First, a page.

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Arizona volunteers catalog thousands of plants

The Cochise County Herbarium helps residents identify ordinary and unusual plants found in backyards, alleyways, mountains, and deserts.

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Lumer points out that Ballard is the go-to guy who enters all the data on the Web site. So far, there are 2,697 entries in the database.

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When asked what was the most amazing thing he found, Ballard replied, "The most amazing thing will be what I haven't found."

Several years ago, Lumer went back to college and earned a doctorate in botany. With her degree came the urge to find a place that would serve as a repository for all the plant life found in the sky islands and high desert area of the county.

The herbarium is currently in a former potting shed on the University of Arizona South campus in Sierra Vista and is quickly outgrowing the small, 8-by-12-foot facility. Several cabinets hold thousands of files. A long counter provides a table to work on while identifying and mounting the specimens. In one corner, a computer awaits the input of new data; another holds a bookcase stacked with reference books. There is little room to move around.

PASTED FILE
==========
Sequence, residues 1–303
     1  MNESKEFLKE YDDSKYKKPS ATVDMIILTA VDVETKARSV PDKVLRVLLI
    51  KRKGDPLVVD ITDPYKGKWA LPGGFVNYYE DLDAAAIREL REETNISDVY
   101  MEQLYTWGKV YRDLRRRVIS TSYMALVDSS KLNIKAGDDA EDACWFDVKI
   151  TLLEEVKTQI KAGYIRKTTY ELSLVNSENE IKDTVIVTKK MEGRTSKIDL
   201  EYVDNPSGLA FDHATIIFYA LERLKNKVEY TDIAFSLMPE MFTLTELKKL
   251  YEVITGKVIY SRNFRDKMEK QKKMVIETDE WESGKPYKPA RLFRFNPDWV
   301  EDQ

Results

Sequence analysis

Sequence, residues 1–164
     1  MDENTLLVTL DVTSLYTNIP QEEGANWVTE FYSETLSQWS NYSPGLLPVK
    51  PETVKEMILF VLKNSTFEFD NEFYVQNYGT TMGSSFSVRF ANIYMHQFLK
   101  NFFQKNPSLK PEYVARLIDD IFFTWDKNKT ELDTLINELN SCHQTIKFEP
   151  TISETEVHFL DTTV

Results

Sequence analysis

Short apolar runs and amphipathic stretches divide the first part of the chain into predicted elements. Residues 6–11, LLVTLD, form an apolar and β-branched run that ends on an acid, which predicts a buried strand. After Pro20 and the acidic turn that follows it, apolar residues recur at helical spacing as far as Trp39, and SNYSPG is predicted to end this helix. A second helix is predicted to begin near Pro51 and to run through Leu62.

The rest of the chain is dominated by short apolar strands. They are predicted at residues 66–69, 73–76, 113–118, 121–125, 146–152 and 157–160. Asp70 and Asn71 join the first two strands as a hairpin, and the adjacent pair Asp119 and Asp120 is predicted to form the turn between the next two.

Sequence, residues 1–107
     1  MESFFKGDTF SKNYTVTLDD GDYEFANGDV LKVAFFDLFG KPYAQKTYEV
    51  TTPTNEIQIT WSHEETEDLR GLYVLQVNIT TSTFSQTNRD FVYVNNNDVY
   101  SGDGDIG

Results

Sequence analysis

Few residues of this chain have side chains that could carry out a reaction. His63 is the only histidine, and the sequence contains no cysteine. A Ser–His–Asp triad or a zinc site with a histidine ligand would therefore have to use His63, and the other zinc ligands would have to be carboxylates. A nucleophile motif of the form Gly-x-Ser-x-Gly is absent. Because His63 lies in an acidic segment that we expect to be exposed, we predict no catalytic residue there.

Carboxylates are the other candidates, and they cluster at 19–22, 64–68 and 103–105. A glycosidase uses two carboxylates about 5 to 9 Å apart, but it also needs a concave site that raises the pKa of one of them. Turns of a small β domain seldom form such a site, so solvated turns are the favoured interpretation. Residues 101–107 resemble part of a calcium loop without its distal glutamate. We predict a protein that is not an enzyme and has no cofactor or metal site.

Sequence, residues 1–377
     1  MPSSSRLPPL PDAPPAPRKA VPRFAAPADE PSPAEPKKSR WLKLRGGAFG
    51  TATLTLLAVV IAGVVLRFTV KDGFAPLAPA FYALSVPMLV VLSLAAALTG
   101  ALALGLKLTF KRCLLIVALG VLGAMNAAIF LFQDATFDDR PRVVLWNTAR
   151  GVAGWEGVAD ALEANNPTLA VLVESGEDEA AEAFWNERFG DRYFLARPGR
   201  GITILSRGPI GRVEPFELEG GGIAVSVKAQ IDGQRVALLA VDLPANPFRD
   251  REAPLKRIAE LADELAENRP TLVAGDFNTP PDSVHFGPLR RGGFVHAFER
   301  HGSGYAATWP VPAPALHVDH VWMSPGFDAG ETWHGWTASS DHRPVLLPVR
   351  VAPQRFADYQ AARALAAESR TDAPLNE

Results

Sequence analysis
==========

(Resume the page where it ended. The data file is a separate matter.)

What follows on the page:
Lumer has managed to get half-a-dozen more needed storage cabinets, but there is no room for them in the facility.

All the volunteers would like to see the herbarium receive more attention and find a new home where there is room to carry on their work. Overhead expenses are a concern.

"We don't have to pay any rent here," said Lumer. "I don't know how we'd pay for something larger."

Mimi Kamp is another avid collector as is Cindy Sprecher, who also a birder. Both women like to hike and bring back things of interest.

"I knew nothing about plants when I started this. Then I got addicted," added Ms. Sprecher.

Lumer explained, "When you have a passion for plants, you have it for the rest of your life."

Editor’s note: For more on gardening, see the Monitor’s main gardening page. Our blog archive. Our RSS feed.

You may also want to visit Gardening With the Monitor on Flickr. Take part in the discussions and get answers to your gardening questions. If you join the group (it’s free), you can upload your garden photos and enter our next contest. We’ll be looking for photographs of fruits. So find your best shots of summer’s blueberries, peaches, plums, etc., and get out your camera to take some stunning shots of early fall apples. Post them before Sept. 30, 2009, and you could be the next winner.